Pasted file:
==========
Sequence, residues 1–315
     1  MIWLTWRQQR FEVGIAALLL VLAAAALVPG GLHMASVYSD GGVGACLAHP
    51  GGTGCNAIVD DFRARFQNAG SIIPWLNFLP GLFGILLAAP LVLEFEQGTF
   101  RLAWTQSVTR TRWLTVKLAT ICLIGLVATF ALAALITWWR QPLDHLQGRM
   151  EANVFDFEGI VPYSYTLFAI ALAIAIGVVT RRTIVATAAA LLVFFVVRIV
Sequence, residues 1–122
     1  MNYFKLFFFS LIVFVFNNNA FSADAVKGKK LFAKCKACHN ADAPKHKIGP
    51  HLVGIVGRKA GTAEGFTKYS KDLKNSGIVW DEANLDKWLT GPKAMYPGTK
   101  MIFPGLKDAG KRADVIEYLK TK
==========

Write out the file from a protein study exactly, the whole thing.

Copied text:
Sequence, residues 1–315
     1  MIWLTWRQQR FEVGIAALLL VLAAAALVPG GLHMASVYSD GGVGACLAHP
    51  GGTGCNAIVD DFRARFQNAG SIIPWLNFLP GLFGILLAAP LVLEFEQGTF
   101  RLAWTQSVTR TRWLTVKLAT ICLIGLVATF ALAALITWWR QPLDHLQGRM
   151  EANVFDFEGI VPYSYTLFAI ALAIAIGVVT RRTIVATAAA LLVFFVVRIV
Sequence, residues 1–122
     1  MNYFKLFFFS LIVFVFNNNA FSADAVKGKK LFAKCKACHN ADAPKHKIGP
    51  HLVGIVGRKA GTAEGFTKYS KDLKNSGIVW DEANLDKWLT GPKAMYPGTK
   101  MIFPGLKDAG KRADVIEYLK TK